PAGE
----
I made an apple pie yesterday morning with my daughter. I let her roll out the extra dough and sprinkle cinnamon sugar on top then cut them into pinwheels. I used to do this with my mother and watching my little girl on that crisp Autumn morning,I was hit with a double shot of sadness and fond memories about my mom. This was a relief because, since her passing 6 weeks ago, I haven’t really been able to conjure up remembrances of her; maybe it’s the chemo, my brain seems to be in a fog. Below is a piece I wrote about her last year. Thanks mom for teaching me something that I can now pass on.
The Last Apple Pie
When my mother prepared her final apple pie she had no idea that one month later she would suffer a series of strokes and surgical operations. When she cut the apples combining them with cinnamon and sugar she wasn’t aware that by the following Thanksgiving, the social worker at Braintree Rehab would recommend that we disconnect the stove in her apartment. There was no way for my mother to know that when she pulled the steaming apple pie from her oven on that chilly winter day that this would be the last pie she ever baked.
“Tell me again why you are doing that,” my Mother called out to my sister and I from her seat on her tattered pink couch, the day we brought her home from the hospital.
I looked at my sister Mary as I reached behind the stove to find the plug and disconnect it.
“Because, mom, the social worker thinks it’s a good idea,” my sister explained,” You still have your microwave to cook things, you don’t need the stove. It’s dangerous for you right now.”
“Well, how will I make my pies?”
We had no answer for her.
I discovered early in my childhood that the perfect apple pie depends on two elements: the consistency of the apples and the flakiness of the crust. They must coexist or the pie fails.
Mom never explained the logistics of how to make the ideal apple pie, I absorbed the information, poised at her elbow, while she peeled, cored, and pared.
“Macs and Cortland’s make the best pies,” she would mumble, as she cut with the skill of a surgeon, turning the entire peel into one continuous spring-like coil.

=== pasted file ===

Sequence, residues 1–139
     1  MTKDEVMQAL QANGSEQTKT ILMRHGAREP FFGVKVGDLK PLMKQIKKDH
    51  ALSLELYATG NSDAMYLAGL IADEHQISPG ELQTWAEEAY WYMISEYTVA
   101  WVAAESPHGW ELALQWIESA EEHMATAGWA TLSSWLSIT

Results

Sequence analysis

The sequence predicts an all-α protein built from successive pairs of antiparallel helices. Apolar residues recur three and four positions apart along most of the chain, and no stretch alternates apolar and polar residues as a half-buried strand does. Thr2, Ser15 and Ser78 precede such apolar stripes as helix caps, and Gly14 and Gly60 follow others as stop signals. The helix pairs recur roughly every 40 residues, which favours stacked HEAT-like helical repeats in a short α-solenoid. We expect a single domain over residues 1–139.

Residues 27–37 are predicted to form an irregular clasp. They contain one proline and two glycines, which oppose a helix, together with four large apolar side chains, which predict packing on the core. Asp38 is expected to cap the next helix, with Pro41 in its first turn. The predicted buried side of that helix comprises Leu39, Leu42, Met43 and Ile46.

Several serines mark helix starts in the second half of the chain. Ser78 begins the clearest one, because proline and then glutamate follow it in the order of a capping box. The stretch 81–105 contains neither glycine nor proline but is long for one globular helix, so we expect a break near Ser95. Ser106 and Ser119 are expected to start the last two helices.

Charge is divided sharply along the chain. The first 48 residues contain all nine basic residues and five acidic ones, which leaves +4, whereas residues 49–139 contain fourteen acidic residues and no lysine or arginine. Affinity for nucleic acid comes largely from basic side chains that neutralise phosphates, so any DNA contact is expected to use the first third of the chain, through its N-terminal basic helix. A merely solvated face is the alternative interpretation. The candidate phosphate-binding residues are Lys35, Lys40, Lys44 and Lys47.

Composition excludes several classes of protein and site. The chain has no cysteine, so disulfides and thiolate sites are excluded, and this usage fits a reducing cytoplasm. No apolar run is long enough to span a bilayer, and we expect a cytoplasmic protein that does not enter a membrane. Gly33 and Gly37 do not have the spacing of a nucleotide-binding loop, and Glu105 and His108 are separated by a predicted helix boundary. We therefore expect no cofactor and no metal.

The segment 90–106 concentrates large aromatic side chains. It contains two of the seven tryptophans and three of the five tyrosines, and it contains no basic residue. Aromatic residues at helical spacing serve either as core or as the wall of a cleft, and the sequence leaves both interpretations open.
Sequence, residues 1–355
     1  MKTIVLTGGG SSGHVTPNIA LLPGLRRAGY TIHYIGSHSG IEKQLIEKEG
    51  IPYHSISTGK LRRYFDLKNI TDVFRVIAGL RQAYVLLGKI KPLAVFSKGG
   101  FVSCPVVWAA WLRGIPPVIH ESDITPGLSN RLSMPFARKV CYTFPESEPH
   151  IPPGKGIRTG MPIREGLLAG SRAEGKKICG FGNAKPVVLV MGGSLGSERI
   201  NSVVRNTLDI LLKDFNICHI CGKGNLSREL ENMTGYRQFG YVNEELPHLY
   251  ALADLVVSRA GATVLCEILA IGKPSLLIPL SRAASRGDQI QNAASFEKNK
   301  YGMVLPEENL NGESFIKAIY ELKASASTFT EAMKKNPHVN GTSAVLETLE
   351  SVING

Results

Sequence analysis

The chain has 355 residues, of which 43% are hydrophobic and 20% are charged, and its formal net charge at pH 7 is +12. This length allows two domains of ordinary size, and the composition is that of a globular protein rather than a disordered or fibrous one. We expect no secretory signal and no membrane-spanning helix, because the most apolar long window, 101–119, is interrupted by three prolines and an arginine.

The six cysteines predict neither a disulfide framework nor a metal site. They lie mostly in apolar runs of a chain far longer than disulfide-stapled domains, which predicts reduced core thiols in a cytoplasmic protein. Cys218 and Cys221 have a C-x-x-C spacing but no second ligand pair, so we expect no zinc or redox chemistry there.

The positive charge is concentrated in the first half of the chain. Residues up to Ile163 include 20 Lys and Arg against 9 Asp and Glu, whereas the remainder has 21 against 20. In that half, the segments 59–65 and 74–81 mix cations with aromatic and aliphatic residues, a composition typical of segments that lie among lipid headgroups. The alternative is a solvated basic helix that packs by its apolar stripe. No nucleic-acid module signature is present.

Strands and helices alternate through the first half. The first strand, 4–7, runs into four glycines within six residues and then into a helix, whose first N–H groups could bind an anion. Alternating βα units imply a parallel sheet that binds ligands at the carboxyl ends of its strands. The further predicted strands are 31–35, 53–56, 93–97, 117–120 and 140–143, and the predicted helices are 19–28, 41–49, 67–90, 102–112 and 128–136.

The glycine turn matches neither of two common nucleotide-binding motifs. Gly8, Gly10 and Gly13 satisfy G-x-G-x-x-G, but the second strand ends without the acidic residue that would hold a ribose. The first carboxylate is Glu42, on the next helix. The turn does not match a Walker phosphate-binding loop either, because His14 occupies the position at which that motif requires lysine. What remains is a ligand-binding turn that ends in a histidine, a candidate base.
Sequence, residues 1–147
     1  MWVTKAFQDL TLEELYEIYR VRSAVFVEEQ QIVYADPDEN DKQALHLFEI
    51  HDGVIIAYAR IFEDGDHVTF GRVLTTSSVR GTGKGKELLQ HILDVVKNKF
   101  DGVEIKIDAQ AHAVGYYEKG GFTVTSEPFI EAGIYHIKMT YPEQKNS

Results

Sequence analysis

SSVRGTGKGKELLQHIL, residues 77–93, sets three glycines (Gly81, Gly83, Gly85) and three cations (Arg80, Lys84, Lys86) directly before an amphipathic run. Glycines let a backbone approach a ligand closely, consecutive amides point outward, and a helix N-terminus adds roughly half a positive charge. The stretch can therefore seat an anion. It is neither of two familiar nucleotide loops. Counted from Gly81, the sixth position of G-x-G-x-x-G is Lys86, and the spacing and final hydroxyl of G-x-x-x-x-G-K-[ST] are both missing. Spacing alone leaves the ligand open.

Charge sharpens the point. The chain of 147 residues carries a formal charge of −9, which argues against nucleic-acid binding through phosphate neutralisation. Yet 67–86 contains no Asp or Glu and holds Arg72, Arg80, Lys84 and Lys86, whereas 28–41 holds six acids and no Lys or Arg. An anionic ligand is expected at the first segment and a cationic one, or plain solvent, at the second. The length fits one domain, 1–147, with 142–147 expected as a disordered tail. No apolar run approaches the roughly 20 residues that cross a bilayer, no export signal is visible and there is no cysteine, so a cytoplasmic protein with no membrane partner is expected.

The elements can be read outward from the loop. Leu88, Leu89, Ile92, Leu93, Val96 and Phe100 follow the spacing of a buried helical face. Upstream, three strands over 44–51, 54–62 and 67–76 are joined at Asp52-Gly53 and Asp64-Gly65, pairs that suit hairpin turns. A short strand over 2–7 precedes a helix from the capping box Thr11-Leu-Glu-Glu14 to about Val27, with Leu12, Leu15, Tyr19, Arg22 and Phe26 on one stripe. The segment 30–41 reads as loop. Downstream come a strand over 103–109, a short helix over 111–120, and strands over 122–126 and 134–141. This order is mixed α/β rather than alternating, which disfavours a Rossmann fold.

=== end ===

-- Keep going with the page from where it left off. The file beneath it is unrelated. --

I discovered that lemon juice prevents the apples from browning and learned to measure with my eye the exact amount of apples and the precise size of each piece needed to ensure the correct consistency of the cooked fruit; which is midway between hard and applesauce.
I watched as my mother added a little vinegar to the dough to achieve a light and flaky crust. When she rolled out the thick white mixture, I understood the importance of sprinkling plenty of flour on the table to avoid sticking and to roll the dough out from the center gently. She worked efficiently as I reveled in the sounds of her rings clanking against the shaft of the rolling pin and her bracelets jangling against the aluminum flour tin.
When I was 12, my mother took first place in The Shopper’s World Apple Pie Contest. Only she was surprised by this accomplishment. At our house, Mom’s pie was already illustrious; the contest merely a formality. Baked year round for holidays, friends, or Sunday dinner; each pie was as delicious as the last. There was never an “off” day for Mom’s apple pie. The panel had agreed, Mary Buckley’s pie was the best of the best. Although she laughed it off when the judges called, I remember thinking it was one of Mom’s prouder moments.
After my father died, my mother moved into a one- roomed subsidized apartment which meant that she could no longer host holiday family dinners. Per her request, my husband constructed a Formica cover to fit over the sink in her galley kitchen. By expanding her counter space, she could still roll out dough, ensuring her continued contribution to holiday meals.
Mom’s apple pie is now legendary with my own children. Wide-eyed before every gathering, they inquire:
“Is Grammy bringing apple pie?”
“Of course,” I answer, while basting the turkey.
My kids are not impressed by the hours of house-cleaning or shopping, the time spent preparing the turkey, peeling the potatoes, glazing the ham, or mashing the squash.
They are impressed by pie. I am impervious to their ingratitude because I can still remember, as a child, pushing the ham and potatoes around my own plate, one elbow on the table, palm squished against my cheek, wondering when the adults would stop talking and bring out the dessert for God’s sake! So I understand my kids’ excitement. This is Grammy’s famous award- winning apple pie. Dinner is secondary.
Unfortunately, I was not thinking of apple pie when I agreed to unplug my mother’s stove and cover the burners with cutting boards. It didn’t occur to me that last Christmas when Mom walked through my front door carrying her steaming pie, wrapped in waxed paper inside an old Filenes’s box, that that was her final offering.
If I had thought of her pie, while sitting in that stuffy Rehab office, then maybe I would have stood up to that social worker and told her that it was a far greater risk to take away my mother’s sense of purpose then the supposed threat of her burning down her apartment. If I’d remembered, I would have brought this woman a piece of Mom’s pie so she could taste for herself, the perfect apple pie. Maybe then she would have understood.